Tag Archive | lgbt

Don’t Judge. Ask, “What Is Mine to Do?”

Over the years of practicing therapy, as well as doing my own inner work, I have noticed an overlooked problem about judging others: It causes us to keep ourselves in a box.

We have all heard reasons for not to judging others: “Judge not, or you will be judged.” “Judging keeps you in negative thinking.” “Judging is bad karma.” And we certainly know that judging others keeps them in a box.

Overlooked are the limitations we put on ourselves when we judge others. When we think toward someone, “You’re doing it wrong,” or some such variation, we are also setting a guideline for ourselves.

Returning to a personal story I shared in my previous post, before our son was born, I had many judgments of doctors, hospitals, and of all of western medicine’s views on childbirth. When my inner guidance came that I would need to have his birth in a hospital rather than at home as we did with our first child, I felt afraid. “Something terrible must be coming”, I thought to myself, “or why would God ever want me to do such a horrible thing as to have a baby in a hospital?”  I came face to face with the wall of judgments I had built around the medical field.

After nearly 18 months of processing the layers of these judgments (that caused all the fear I was holding), I was able to get to the bottom line: The only thing that mattered was the safety of this soul coming into this world. When that was my goal, I was completely open to whatever way that had to happen.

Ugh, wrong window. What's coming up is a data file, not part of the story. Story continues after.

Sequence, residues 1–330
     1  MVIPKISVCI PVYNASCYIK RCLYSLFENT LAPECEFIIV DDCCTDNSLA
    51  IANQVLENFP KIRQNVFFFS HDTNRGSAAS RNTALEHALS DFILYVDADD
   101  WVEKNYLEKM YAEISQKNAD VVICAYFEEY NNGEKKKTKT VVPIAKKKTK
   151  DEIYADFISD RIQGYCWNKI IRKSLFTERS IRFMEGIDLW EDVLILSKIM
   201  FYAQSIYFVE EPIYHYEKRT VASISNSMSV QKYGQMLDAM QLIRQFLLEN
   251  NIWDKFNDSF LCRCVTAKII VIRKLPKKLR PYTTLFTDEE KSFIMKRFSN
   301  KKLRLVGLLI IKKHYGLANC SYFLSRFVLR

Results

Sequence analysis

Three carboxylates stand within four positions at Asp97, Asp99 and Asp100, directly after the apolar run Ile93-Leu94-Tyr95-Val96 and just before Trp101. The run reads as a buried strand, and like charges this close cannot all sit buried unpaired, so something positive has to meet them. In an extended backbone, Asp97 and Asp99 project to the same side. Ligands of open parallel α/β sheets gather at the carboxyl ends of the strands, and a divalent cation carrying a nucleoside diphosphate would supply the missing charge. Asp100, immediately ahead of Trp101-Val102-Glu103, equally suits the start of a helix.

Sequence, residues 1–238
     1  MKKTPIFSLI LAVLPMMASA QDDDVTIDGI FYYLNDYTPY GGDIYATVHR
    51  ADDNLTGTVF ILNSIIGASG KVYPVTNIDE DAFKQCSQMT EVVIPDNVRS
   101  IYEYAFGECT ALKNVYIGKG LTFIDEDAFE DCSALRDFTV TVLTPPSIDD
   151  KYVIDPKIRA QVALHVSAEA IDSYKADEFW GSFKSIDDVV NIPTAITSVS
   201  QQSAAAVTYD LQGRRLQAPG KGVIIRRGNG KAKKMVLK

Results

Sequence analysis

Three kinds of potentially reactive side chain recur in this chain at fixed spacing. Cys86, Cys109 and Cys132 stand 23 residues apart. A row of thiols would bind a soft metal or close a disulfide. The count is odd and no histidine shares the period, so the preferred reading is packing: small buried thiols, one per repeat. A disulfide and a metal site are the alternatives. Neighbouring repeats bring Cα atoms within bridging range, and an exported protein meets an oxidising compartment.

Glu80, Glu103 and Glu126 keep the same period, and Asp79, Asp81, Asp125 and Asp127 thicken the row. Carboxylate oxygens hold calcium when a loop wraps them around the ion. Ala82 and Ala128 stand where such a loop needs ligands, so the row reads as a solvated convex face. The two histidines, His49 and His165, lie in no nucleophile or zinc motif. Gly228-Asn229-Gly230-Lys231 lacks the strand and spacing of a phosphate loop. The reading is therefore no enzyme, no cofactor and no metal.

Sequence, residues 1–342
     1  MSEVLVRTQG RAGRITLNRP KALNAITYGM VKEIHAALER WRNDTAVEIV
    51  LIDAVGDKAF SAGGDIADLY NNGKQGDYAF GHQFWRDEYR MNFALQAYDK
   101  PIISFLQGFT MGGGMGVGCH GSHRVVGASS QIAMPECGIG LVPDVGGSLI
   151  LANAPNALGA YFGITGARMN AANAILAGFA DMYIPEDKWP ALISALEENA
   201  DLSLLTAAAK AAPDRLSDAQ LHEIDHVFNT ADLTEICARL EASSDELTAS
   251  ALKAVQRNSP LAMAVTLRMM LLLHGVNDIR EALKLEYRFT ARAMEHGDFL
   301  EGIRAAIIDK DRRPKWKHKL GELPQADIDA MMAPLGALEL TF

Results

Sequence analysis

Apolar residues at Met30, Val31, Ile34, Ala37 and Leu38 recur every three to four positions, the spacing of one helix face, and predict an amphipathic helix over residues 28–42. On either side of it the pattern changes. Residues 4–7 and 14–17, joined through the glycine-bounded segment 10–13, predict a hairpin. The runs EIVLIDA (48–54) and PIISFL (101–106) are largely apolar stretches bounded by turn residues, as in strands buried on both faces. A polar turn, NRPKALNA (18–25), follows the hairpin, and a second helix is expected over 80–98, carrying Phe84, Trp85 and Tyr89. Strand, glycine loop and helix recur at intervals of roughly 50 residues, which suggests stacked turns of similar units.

After our son was born, easily and healthily in the cocoon of the hospital, I could not return to my old way of thinking. I had a new perspective on childbirth: The important thing is safety and the comfort of the one giving birth. Whatever that looks like to the individual is the right and perfect way to do it! Not only did I let every mother on the planet out of a tight and rigid box, I let myself out as well and now can apply this lesson to other judgments I erroneously hold.

We don’t always know what the perfect thing is for someone else, but we can know what is right for ourselves–and sometimes that means doing something we would think someone else shouldn’t be doing!

When you catch yourself having an opinion about another person or their actions, ask yourself, “How is this helpful to this person? Am I putting myself in a box by this thought?” We can free ourselves and others by checking our judgments, and leaving our options open as to what will be the right thing to do in a given situation. This reminds me of a poem my husband has shared with me, written by a friend of his:

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Caged bird,
Fly free!
Cage, bird, liberator–
I am all three!

Think about it, and free yourself!

Spirituality and Counseling